Programme

09.00-10.00 Keynote Andreas Fickers – “If content is king, context is its crown”: Doing digital media history in the age of abundance (slides PDF)
10.00-10.45 Session Data collection & Exploration 
Kleppe – Tracing the afterlife of iconic photographs using IPTC (slides SlideShare )
-Ordelman – Using computer vision to facilitate exploration of television archives (slides PDF)
10.45-11.00 Break
11.00-12.00 Keynote Arjan van Hessen – Infrastructures: will they be used? (slides PDF )
12.00-13.00 Lunch
13.00-14.30 Session Exploration & Analysis
Baaren & Van Gorp – ‘Disclosed’ readings of transmedia content: a demonstration of TROVe (slides PDF)
Nyhan & Flinn – Oral History, audio-visual materials and Digital Humanities: a new ‘grand challenge’? (slides SlideShare)
Huang & Lawaetz – Radio Sound and the Measuring of Sensuous Voice Qualities (slides PDF)
Clement – The Hermeneutics of Distant Listening to Spoken Word Texts with High Performance Sound Technologies for Access and Scholarship (slides PDF)
14.30-14.45 Coffee break
14.45-16.00 Session Analysis & Presentation
Van Gorp, Olesen, Fossati, & Noordegraaf – Emerging Cinema/Emerging Methods: Developing a Tool for EYE’s Jean Desmet Collection (slides PDF)
Henderson – The EVIA Digital Archive Project: A Time-Based Media Annotation and Online Access System for Digital Humanities Research, Teaching, and Collaboration (slides PDF)
Sanders & Hagedoorn – How to publish AV research online (slides PDF)
16.00-17.00 Synthesis & Concluding remarks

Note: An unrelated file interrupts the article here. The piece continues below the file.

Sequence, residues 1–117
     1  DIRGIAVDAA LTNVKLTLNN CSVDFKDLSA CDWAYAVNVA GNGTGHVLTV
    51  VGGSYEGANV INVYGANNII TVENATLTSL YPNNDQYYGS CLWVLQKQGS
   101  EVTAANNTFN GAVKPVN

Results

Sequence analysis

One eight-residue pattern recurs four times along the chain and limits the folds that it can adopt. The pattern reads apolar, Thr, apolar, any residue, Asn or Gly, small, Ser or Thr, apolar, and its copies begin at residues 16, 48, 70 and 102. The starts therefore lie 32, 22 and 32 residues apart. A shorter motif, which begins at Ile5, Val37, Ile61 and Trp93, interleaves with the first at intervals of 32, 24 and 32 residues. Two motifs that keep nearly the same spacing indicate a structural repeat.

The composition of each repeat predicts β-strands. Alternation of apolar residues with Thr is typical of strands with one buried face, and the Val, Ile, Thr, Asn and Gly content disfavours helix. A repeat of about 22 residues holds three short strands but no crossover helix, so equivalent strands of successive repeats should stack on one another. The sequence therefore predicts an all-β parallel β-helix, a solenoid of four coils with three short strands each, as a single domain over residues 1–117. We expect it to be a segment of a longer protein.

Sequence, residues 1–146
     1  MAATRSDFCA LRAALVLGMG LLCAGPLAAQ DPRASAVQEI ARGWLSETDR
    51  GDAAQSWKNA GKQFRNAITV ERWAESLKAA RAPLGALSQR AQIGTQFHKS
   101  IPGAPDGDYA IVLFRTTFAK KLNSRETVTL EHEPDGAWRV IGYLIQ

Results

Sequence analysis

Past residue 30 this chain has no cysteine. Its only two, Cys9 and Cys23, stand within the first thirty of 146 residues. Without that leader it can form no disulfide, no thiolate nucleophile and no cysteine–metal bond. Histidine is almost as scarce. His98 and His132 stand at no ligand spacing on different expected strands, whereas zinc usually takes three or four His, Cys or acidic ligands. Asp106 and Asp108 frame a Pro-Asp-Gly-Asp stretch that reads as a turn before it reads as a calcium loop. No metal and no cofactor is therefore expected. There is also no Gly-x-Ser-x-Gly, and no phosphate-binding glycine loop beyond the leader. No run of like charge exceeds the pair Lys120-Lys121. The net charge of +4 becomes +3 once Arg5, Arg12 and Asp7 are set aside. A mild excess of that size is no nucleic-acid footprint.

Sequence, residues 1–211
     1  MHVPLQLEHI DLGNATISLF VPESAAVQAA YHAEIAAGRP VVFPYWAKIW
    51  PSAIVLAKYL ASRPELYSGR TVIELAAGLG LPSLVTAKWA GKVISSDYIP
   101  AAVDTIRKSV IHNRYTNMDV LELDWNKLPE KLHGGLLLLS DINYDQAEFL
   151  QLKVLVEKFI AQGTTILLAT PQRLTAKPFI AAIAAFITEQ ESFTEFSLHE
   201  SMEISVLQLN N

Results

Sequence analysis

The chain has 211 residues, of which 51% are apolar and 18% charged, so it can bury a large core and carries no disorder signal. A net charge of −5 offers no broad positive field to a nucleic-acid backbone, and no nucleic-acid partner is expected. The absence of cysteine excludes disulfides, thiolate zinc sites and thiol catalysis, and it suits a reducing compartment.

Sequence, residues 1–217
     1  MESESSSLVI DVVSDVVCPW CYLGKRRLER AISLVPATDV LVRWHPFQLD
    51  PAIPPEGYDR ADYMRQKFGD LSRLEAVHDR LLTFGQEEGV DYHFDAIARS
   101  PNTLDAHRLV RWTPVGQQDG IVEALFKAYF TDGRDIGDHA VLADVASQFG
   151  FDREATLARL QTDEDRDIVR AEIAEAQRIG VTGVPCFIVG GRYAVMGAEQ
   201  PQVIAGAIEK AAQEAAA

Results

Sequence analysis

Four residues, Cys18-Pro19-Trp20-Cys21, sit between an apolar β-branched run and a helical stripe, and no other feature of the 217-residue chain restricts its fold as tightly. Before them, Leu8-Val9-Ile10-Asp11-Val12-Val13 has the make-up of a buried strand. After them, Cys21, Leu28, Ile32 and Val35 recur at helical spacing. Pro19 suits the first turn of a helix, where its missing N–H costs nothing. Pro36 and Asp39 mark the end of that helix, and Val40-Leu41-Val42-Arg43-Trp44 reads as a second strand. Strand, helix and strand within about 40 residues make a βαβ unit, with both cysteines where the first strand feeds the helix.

Keynotes

“If content is king, context is its crown”: Doing digital media history in the age of abundance

The recent trends towards digitization and online dissemination of historical sources force the community of professional historians to rethink their traditional research methodologies and practices. Basically, this lecture aims at reflecting on a number of epistemological and methodological challenges of doing digital media history:

  • How does the digitization of sources and its online accessibility affect the classical concept of “archive”? (redefinition of archival evidence)
  • What new search strategies are necessary in order to cope with the masses of information at hand? (new heuristics of search)
  • How to critically interpret digital sources in terms of their authenticity and reliability? (questioning the concept of “original” in digital era)
  • How to make use of new digital tools and techniques for the analysis and / or visualization of large data sets? (appropriating digital literacy)
  • What new forms of storytelling do digital environments offer for the historian? (multimedia and transmedia storytelling)

Special attention will be paid to the observation that there seems to be a growing gap between the fast development of new techniques and tools for doing digital history and the rather slow appropriation of such tools and techniques by the historical community. Digital literacy – especially in the field of media studies and history – it seems, can’t keep pace with the rhythm of innovation in digital technologies.